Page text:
Part 4: Threats and Control: Real, Implied and Imagined

The last piece in this 4 part series gives legal advice on how to protect yourself against minor or major threats. Stacy Phillips, Certified Family Law Specialist, offers advice on how to stop the threats and the necessary actions you made need to take.

By Stacy D. Phillips
Updated: March 17, 2015
Health and Well Being

In the continuation of the series of excerpts from the book, Divorce: It's All About Control—How to Win the Emotional, Psychological and Legal Wars (ExecuProv Press) by certified family law specialist, Stacy D. Phillips, in this four-part segment has addressed threats—real, implied and imagined. In this fourth part, Phillips shares some substantial steps to take if you are a victim of any one of the three Threats. She also throws a few suggestions your way if you happen to be the ex making the Threats by offering a handful of recommendations on how to resist the temptation to do so.

You may be asking: What should I do if I have been threatened? There are many remedies available to you whether the threats you are receiving are Real, Implied or Imagined.

Let me first address Real threats, the ones that are openly expressed, because these tend to go hand-in-hand with physical danger. If your ex is threatening to take your life or the lives of those around you (your children, your parents, your friends and/or your business associates), call the police and your attorney. The police should be able to help you while the incident is happening, the attorney, after the fact. The attorney can assist you in seeking a Restraining Order. While such a drastic measure may shock your ex into backing off of Real threats (because to act on such suggestions or continue to make them usually means arrest and incarceration), still be careful! Restraining Orders are only a piece of paper, and many of those who obtained them have been murdered or beaten or have had their possessions destroyed.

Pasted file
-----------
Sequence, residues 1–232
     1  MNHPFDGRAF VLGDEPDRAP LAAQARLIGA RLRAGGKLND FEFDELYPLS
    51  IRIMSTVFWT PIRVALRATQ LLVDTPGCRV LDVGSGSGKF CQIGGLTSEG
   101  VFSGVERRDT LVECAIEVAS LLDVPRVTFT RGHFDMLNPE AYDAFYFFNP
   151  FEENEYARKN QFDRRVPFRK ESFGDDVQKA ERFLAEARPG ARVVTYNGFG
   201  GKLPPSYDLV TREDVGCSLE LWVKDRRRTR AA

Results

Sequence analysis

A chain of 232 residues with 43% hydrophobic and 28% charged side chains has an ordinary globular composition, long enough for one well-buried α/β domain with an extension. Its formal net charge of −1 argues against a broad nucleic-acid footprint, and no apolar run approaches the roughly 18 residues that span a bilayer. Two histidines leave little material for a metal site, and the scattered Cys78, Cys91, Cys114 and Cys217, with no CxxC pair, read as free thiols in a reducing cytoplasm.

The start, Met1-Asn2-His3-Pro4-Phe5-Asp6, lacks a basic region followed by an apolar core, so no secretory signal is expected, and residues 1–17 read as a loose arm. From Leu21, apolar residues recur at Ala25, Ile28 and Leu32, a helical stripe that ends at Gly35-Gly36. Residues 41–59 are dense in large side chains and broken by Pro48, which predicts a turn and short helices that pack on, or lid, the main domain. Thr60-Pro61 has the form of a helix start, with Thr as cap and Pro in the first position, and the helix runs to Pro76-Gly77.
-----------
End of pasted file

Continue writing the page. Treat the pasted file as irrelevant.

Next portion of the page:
If your ex demonstrates threatening behavior in your presence (like when he returns the children after visitation and thrusts his fist through the door), call the police immediately.

They can issue an EPO (an Emergency Protective Order). This document will tide you over until your attorney gets a Temporary Restraining Order followed by a Permanent Restraining Order (usually effective for three years, and can be renewed, as needed, thereafter). If you should get a Permanent Order, you do not need to have your ex inflict injury or damage before calling the authorities. You can call if he/she comes near you (the judge may order he/she stay at least 100 to 200 yards away from you) or makes any additional threats against you.

You can also seek help from your therapist who, together with your attorney, may suggest you reside in a domestic violence shelter for a time, or assist you in moving away, or in with those who are equipped to provide safety. Ever since the famous O.J. Simpson case, more attention than ever before has been paid to physical violence and the threats that precede it.

I say once a person makes Real threats and acts on them, take them seriously and always opt for safety. I also say pay close attention to Implied threats, for they could portend of danger if they go unheeded.

In terms of Imagined threats: it's time to call your therapist and ask for help in neutralizing such fears. This mental health professional can aid you in reasoning with such threats and also guide you to the proper persons (your attorney and/or the authorities) if they think any Imagined threat might materialize into some type of danger.

What should you do if your ex acts on a threat?

There is little difference between what can result from a Real and an Implied threat. If someone says "I'm going to kill you," or they make a point of letting you know they just got a new gun, the end result can be the same: disaster. So, again, call the police!